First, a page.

With the digital revolution taking the world by storm at a rapid pace, it is imperative for us to never lose sight of ethical values in our pursuit of the efficiencies and conveniences offered by innovative technologies, said Yang Amat Mulia Pengiran Muda Dr Abdul Fattaah yesterday.
He made the statement at the Local Business Development (LBD) Programme 2019 organised by Asia-Inc Forum themed ‘The Next Level: How to Leverage the Digital Revolution’ at The Empire Hotel & Country Club in Jerudong.
Yang Amat Mulia Pengiran Muda Dr Abdul Fattaah, who is also Chairman of the Board of Directors of Baiduri Bank, said that this is vital since many of the opportunities that come with the digital revolution are global in nature and include those that will affect humanity for generations to come.
“The opportunities that come with it should ideally lead to benefits that are good for humanity as a whole,” he added.
Yang Amat Mulia Pengiran Muda Dr Abdul Fattaah also said that the first to adopt imaginative and innovative ways by which technology can be leveraged to meet the changing demands of modern consumers are the ones who will benefit most financially in this era.
He added that foremost among the emerging opportunities include the application of artificial intelligence (AI) and machine learning to address the complex issues of climate change; and the use of block chain technology to improve data security and to facilitate international trade in emerging economies.
In the midst of rapid technological development, Yang Amat Mulia Pengiran Muda Dr Abdul Fattaah also noted challenges that have arisen either directly or indirectly, because of the rapid advancements in technology.
“There is no doubt that digital transformation has brought about massive financial benefits to many. And most of us would have absolutely no problem with this. But these gains to national economies and even the anticipated global prosperity must be evaluated not only from these financial benefits, but also by reference to the human values that we cherish,” he highlighted.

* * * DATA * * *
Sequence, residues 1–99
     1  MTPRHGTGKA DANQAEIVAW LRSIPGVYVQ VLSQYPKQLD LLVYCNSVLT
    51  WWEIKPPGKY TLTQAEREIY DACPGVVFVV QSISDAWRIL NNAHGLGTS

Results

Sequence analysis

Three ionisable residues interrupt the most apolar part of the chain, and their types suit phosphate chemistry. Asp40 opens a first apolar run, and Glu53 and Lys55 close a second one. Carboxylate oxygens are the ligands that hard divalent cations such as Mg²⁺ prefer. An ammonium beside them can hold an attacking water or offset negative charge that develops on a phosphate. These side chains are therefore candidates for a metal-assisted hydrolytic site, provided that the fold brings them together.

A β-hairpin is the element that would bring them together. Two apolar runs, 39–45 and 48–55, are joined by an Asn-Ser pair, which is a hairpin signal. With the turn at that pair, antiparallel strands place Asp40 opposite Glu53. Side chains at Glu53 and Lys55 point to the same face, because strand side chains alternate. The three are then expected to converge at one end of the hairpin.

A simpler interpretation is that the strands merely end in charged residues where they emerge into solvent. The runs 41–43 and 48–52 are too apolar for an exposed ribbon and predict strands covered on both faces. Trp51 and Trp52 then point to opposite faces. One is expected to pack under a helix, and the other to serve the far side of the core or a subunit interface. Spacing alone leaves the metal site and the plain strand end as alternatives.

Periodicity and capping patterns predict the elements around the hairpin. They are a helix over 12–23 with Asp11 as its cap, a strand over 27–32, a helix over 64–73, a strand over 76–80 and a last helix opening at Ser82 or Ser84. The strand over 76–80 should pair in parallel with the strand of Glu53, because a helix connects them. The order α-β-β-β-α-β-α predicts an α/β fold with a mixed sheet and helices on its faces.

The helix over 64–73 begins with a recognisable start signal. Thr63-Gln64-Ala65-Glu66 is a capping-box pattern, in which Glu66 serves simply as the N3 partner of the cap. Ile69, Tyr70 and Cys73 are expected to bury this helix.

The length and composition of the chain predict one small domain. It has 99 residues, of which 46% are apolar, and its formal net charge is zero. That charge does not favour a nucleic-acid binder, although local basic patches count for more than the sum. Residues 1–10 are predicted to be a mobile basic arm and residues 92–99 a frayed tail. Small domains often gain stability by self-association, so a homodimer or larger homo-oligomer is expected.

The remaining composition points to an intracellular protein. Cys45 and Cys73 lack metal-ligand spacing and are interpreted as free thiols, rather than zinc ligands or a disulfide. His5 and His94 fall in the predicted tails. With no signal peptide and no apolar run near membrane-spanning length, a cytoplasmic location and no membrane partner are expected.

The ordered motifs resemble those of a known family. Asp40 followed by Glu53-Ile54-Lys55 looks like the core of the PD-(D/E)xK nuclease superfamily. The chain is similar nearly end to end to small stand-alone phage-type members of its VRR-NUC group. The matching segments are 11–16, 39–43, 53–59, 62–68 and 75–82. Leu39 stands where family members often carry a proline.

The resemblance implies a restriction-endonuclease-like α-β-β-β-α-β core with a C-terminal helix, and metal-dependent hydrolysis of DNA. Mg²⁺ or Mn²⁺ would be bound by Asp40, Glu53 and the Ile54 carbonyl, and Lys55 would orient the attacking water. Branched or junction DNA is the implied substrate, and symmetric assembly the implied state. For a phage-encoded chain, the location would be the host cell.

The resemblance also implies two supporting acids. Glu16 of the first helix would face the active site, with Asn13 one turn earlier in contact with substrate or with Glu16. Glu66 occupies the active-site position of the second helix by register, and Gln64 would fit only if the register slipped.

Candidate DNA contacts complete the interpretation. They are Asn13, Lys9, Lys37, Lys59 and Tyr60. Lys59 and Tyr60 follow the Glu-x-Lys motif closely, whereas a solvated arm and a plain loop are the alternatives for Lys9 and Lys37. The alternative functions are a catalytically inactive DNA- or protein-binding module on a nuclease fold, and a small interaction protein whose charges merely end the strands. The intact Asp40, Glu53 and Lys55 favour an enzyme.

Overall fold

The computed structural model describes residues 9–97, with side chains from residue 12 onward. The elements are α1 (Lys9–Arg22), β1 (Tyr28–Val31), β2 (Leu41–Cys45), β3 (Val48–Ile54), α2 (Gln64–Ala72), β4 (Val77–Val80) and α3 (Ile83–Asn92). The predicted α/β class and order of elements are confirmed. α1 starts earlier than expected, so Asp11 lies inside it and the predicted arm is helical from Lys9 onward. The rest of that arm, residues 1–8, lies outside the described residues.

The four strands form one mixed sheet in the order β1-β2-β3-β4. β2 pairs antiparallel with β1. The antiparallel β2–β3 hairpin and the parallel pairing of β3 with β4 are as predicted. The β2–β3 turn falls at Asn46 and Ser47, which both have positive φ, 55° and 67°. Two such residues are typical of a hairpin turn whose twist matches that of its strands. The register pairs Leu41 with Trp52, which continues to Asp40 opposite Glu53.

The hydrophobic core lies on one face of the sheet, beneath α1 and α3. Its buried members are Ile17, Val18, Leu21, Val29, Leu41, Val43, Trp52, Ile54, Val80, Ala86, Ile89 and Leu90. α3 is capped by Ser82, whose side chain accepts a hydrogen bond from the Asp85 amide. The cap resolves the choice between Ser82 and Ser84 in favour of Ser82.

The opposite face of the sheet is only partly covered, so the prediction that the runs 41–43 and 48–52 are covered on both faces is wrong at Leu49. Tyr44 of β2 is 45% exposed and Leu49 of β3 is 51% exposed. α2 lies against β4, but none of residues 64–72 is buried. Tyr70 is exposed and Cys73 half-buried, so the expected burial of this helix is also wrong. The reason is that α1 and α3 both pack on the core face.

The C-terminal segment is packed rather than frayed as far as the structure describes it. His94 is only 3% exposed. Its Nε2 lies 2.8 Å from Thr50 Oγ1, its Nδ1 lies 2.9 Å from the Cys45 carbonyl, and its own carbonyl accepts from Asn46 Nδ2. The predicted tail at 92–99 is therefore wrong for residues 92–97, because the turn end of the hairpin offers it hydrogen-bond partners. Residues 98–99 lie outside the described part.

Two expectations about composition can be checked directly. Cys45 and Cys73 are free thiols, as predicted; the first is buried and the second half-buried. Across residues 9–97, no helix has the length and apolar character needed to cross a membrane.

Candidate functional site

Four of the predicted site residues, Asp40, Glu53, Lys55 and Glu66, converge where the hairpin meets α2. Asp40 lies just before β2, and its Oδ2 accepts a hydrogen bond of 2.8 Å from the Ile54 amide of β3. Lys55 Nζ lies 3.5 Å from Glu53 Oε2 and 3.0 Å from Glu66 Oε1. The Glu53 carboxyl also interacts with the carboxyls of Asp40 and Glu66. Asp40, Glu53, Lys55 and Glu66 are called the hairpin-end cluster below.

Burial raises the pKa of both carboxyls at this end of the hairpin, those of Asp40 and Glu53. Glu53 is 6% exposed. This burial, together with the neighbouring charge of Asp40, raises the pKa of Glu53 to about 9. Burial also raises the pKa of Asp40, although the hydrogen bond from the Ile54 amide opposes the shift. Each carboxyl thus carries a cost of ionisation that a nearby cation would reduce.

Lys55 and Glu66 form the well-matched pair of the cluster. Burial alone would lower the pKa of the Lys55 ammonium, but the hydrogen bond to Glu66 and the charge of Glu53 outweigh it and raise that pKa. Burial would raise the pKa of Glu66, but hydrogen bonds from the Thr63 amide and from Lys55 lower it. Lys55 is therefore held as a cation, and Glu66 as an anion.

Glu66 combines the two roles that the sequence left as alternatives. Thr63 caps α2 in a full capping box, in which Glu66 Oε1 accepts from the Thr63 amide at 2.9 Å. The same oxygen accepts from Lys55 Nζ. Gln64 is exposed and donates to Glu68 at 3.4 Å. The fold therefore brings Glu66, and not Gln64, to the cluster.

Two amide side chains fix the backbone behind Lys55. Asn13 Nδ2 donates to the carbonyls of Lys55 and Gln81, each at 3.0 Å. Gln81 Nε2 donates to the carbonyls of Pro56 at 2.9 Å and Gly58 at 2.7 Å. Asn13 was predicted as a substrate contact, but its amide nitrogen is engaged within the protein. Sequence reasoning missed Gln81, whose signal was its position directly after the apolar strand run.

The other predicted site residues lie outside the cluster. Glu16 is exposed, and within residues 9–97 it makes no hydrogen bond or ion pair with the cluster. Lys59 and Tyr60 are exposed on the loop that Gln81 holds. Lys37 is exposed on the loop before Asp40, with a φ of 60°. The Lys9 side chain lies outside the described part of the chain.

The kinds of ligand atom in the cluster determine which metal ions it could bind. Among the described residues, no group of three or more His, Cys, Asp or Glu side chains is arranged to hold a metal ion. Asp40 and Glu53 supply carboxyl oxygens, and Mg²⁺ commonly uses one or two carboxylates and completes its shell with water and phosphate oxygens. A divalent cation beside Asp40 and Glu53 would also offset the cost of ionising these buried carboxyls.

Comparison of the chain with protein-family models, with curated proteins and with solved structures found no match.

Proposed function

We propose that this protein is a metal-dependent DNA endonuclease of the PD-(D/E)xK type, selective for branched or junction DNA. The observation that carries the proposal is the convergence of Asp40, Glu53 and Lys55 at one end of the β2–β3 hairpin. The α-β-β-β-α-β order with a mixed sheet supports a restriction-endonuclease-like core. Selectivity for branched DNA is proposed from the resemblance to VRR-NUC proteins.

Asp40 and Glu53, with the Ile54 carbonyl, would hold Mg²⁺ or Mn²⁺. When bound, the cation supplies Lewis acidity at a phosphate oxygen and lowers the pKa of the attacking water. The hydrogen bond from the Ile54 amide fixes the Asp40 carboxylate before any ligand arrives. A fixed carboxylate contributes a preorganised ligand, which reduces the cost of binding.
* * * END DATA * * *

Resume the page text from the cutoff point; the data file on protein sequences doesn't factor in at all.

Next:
He also noted some serious social concern with addiction to ‘digital approval’ and digital devices, which he said limits people and prevents them from developing the deep meaningful relationships that are needed to overcome the stress that builds up in their lives.
Further in his remarks, Yang Amat Mulia Pengiran Muda Dr Abdul Fattaah also relayed his concerns about the policies and practices pursued by corporations that are dedicated adherents of the data-driven approach, in the deployment of technologies which include facial recognition algorithms and other tech innovations which routinely invade our privacy.
He also shared his perspective that the greatest threat to humankind will come, not from robots or computers, but from within the nature of human beings themselves.
“It follows that we must protect ourselves and our society from those who would wilfully engage in the wrongful and malicious use of the technological innovations spawned by the Digital Economy,” he said, while also adding that balance is the ultimate key in pursuit of the digital revolution.